Edy Cohen: A one-man hasbara machine with 409K Arab Twitter followers

"I show people in those countries the true face of Palestinians and, at the same time, teach them about [Israelis]."

The Twitter logo is displayed on a screen on the floor of the New York Stock Exchange (NYSE) in New York City, U.S., September 28, 2016.  (photo credit: REUTERS/BRENDAN MCDERMID/FILE PHOTO)
The Twitter logo is displayed on a screen on the floor of the New York Stock Exchange (NYSE) in New York City, U.S., September 28, 2016.
(photo credit: REUTERS/BRENDAN MCDERMID/FILE PHOTO)
Dr. Edy Cohen, a journalist and researcher on Arab Affairs, is relatively unknown to the Israeli public. But if you look at his Twitter account, you'll find 409,000 followers, almost all of whom are from the Arab world. He is a one-man hasbara (public diplomacy) machine. Blunt, evocative and controversial, but with results that are hard to argue with. 
"Of course I am blunt, because that is what Arabs like," Cohen explained. "That is the style you need. It isn't the Foreign Ministry... I am the opposite, so of course I have made some enemies. And if you listen to the Foreign Ministry's version, they say I am hurting hasbara, but that is untrue: I am making it stronger.
"Arabs had a feeling that we are condescending, so my friends and I developed a dialogue to show there is a lot in common religiously and politically," he said. "Three years ago they were scared to like [my tweets] – and here we have broken that barrier down."
Cohen's personal story is exceptional. Until 30 years ago, he had grown up in Lebanon, where he lived through the bloody civil war, saw the IDF invade Beirut, and experienced the tragic death of his father, Haim, who was kidnapped and murdered by Hezbollah in the mid 80s.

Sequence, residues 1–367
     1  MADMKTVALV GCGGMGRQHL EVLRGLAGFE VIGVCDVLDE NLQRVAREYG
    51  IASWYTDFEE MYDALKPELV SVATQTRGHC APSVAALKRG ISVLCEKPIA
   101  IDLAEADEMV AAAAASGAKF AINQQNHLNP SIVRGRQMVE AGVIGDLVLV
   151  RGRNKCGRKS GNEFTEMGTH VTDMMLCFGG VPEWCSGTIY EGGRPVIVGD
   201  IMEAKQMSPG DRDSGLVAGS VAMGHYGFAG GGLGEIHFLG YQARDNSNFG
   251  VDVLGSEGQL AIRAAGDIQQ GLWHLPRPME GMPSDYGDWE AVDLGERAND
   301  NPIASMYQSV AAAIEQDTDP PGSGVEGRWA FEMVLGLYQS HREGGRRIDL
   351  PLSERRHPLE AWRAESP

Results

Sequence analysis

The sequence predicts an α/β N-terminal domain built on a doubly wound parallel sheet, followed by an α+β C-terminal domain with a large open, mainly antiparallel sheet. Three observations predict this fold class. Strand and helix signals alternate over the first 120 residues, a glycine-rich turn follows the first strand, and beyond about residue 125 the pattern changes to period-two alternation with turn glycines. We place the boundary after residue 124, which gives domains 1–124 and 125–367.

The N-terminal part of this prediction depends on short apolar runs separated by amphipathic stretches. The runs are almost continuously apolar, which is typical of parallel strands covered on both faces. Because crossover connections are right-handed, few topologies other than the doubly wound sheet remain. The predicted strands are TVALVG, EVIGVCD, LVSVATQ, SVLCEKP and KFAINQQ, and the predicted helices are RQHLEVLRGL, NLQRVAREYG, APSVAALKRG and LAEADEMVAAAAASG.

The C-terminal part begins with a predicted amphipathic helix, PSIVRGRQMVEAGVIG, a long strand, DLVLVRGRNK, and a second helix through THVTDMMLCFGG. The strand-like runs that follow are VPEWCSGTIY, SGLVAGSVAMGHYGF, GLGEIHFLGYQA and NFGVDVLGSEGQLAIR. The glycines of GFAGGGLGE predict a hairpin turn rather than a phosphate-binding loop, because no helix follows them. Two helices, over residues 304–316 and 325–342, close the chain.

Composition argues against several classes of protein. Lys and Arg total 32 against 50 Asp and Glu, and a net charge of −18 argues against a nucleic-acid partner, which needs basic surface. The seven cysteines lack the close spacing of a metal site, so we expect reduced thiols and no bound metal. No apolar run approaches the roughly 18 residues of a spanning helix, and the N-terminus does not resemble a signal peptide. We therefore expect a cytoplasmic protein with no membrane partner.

When he made aliyah (immigrated) in 1995, after travelling in France and Mexico, he did not know a word of Hebrew and was not aware of the Oslo Accords. As he was learning Hebrew, he remembers seeing Yasser Arafat on television in ulpan (intensive Hebrew course) and feeling something click.

"I grabbed my head and said 'wow, we ran away from him in Lebanon and he made it to here!
"All of the Lebanese, even the Muslims, said that Arafat is the face of evil. Wherever he goes he brings trouble; no one could stand him," Cohen said. "But here, the Israeli Left thinks that the whole world loves the Palestinians and is interested in them. It is the opposite: the Palestinian issue does not interest anyone, only here they are trying to be holier than the pope."
 
COHEN IS not afraid of controversy. On the eve of International Holocaust Day, he published a book titled The Mufti and the Jews, about Mufti Amin al-Husseini's part in the Holocaust and his war against Jews in Arab states.
"I wrote about Abu Mazen's [PA President Mahmoud Abbas's] doctoral research because I was shocked that there was no translation of it here," Cohen explains. "Abu Mazen accused us of cooperating with Hitler, and his book was sold in all Arab countries. Ask Arabs what the Holocaust was and quite a few will say 'BS' – and that is how he got his doctorate. He based it on a research center in Baghdad and some newspapers. It is a propaganda book."
In his new book, he focuses on al-Husseini, who "influenced the Muslim Brotherhood and didn't want Jews in the area," Cohen said. "He is the one who said for the first time 'Jews are against Islam' and was directly influenced by Nazi propaganda."
When asked why the book was published now, Cohen said that "it is an academic and moral imperative to publish information [about the Mufti]. The guy hurt and damaged us for years, including during the painful time of the Holocaust. What did he do in Germany for four years while the Jewish people were being destroyed? Planned to murder Jews in Arab countries."
Cohen went on to talk about his part in Israeli hasbara and how he thinks it contributed to recent changes in Arab attitudes toward Israel.
"Most of my followers on Twitter are from Gulf States, and if I told you I helped a lot with the Abraham Accords, you wouldn't believe me, right?" Cohen asked.
"The fact is that for two years I have been helping," he said. "I show people in those countries the true face of Palestinians and, at the same time, teach them about us. I prove that Israel has Arab judges in court and Israeli-Arabs have the same rights by law; they didn't believe that there were Muslims in the IDF. As far as they were concerned, [all] Arab-Israelis are Palestinians. 
"For two years now, I have been shoving material at them. The pinnacle was when the [United Arab] Emirates sent aid to Palestinians through Ben-Gurion Airport and Abu Mazen said 'no thanks.' I pointed it out and said 'he doesn't even want your help.'
"I am sure I made a difference – but no one will say 'we made peace because of Edy Cohen.'"